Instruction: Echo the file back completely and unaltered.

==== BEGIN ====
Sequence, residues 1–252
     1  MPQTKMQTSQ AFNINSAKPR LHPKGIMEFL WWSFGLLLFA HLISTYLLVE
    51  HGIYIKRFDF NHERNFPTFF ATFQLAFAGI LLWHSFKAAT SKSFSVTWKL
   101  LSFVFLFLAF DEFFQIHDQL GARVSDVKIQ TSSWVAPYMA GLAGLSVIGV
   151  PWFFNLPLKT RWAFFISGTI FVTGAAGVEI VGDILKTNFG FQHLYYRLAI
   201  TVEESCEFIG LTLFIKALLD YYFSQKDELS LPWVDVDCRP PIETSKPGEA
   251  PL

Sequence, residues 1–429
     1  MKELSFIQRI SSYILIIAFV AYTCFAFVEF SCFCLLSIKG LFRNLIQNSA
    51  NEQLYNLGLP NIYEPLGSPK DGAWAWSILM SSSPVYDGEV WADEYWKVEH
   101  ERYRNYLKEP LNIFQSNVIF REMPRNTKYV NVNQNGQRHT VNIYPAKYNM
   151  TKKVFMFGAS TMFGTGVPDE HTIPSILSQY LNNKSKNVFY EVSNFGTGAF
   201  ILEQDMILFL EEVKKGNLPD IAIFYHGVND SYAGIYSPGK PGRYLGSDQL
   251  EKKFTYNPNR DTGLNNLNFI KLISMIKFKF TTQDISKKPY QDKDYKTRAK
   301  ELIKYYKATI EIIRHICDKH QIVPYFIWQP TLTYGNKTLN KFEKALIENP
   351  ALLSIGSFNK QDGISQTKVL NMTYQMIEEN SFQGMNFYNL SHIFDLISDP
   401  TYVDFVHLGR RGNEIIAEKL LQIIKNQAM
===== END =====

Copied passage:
Sequence, residues 1–252
     1  MPQTKMQTSQ AFNINSAKPR LHPKGIMEFL WWSFGLLLFA HLISTYLLVE
    51  HGIYIKRFDF NHERNFPTFF ATFQLAFAGI LLWHSFKAAT SKSFSVTWKL
   101  LSFVFLFLAF DEFFQIHDQL GARVSDVKIQ TSSWVAPYMA GLAGLSVIGV
   151  PWFFNLPLKT RWAFFISGTI FVTGAAGVEI VGDILKTNFG FQHLYYRLAI
   201  TVEESCEFIG LTLFIKALLD YYFSQKDELS LPWVDVDCRP PIETSKPGEA
   251  PL

Sequence, residues 1–429
     1  MKELSFIQRI SSYILIIAFV AYTCFAFVEF SCFCLLSIKG LFRNLIQNSA
    51  NEQLYNLGLP NIYEPLGSPK DGAWAWSILM SSSPVYDGEV WADEYWKVEH
   101  ERYRNYLKEP LNIFQSNVIF REMPRNTKYV NVNQNGQRHT VNIYPAKYNM
   151  TKKVFMFGAS TMFGTGVPDE HTIPSILSQY LNNKSKNVFY EVSNFGTGAF
   201  ILEQDMILFL EEVKKGNLPD IAIFYHGVND SYAGIYSPGK PGRYLGSDQL
   251  EKKFTYNPNR DTGLNNLNFI KLISMIKFKF TTQDISKKPY QDKDYKTRAK
   301  ELIKYYKATI EIIRHICDKH QIVPYFIWQP TLTYGNKTLN KFEKALIENP
   351  ALLSIGSFNK QDGISQTKVL NMTYQMIEEN SFQGMNFYNL SHIFDLISDP
   401  TYVDFVHLGR RGNEIIAEKL LQIIKNQAM